Monday, February 29, 2016

Teaching girls to be afraid

Like most parents, I have noticed that my son plays differently with me than he does with my husband. With me, he wants Mommy to do things with him or for him and he tends to choose activities that aren't risky. With my husband, he wants to try new things, explore the world a bit more and generally tumble around.

This dual play is considered normal and natural for children of both genders. But my son is at an advantage here. Because he is a boy, both his Dad and I will continue to push him toward trying new things. Because he is a boy, we are less likely to teach him to avoid play that isn't "safe."

I have thought about the way we are with our son on the playground: We encourage him to try the bigger slide, the harder climb, the bigger jump. Would I be this encouraging if my son were a little girl?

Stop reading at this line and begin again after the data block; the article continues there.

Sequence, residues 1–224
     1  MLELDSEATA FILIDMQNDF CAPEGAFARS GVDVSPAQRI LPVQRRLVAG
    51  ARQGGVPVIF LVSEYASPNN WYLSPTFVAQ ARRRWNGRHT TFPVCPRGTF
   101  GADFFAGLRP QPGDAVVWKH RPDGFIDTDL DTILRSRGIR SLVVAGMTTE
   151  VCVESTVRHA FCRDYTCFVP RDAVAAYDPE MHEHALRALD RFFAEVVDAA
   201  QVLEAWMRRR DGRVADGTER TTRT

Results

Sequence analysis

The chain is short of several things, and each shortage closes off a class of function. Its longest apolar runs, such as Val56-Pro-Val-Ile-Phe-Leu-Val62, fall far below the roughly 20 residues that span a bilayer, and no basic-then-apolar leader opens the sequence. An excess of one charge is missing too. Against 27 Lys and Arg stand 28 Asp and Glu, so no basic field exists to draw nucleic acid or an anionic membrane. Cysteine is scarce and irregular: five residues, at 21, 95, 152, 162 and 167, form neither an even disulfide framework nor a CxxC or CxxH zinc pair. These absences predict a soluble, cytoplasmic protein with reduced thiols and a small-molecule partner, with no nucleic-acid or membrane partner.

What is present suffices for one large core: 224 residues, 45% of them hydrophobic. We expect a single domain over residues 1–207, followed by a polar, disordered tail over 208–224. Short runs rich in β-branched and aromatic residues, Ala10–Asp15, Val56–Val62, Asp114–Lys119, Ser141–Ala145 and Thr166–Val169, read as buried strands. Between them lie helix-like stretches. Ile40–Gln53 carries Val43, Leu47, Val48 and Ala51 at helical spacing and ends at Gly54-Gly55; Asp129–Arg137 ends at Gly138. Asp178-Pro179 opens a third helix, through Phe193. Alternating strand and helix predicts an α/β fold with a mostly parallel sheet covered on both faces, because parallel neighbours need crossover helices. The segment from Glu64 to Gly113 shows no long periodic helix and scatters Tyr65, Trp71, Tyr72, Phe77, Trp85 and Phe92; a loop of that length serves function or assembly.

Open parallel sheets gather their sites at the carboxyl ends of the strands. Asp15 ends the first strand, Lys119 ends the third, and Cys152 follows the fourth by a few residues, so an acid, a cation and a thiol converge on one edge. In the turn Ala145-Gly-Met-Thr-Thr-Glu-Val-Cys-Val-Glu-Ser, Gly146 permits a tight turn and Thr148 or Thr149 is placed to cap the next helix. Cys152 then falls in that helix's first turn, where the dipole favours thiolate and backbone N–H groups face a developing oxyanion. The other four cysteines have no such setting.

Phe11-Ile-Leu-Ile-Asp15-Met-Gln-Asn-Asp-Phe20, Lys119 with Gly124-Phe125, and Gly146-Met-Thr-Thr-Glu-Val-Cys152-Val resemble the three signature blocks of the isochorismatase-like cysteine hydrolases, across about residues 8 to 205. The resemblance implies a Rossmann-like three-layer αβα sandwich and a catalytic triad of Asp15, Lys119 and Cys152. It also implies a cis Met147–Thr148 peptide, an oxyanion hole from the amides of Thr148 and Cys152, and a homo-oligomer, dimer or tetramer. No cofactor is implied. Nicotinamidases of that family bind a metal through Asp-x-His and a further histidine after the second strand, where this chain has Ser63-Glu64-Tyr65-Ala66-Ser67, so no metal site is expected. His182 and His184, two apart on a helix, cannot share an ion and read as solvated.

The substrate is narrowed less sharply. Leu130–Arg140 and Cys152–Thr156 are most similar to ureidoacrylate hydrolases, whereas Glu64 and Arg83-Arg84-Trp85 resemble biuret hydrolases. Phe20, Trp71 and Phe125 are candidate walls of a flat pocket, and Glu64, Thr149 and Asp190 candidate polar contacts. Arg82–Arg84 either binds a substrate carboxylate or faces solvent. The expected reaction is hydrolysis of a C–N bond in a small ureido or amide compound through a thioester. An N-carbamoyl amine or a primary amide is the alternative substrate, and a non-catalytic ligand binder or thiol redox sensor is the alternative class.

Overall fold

The answer is probably not. Whether we mean to or not, we are raising a bunch of girls who are scared to try new things, because we aren't letting them have the same adventures as boys have. Instead of letting the daughters of this world climb trees and get skinned knees, we are warning them of getting hurt. Meanwhile, we are giving our sons the directions to try new things on their own, while we stay hands off.

I think back to my own childhood. My Mother wasn't risk adverse and we did lots of crazy things in the Girl Scouts (creek-stomping comes to mind), but I do recall being very scared that I was going to hurt myself with certain activities. Meanwhile, my brother got stitches and didn't think much about the consequences of building a bike ramp in front of the house.

Do you teach your daughter to play the same way you would your son? Why or why not?

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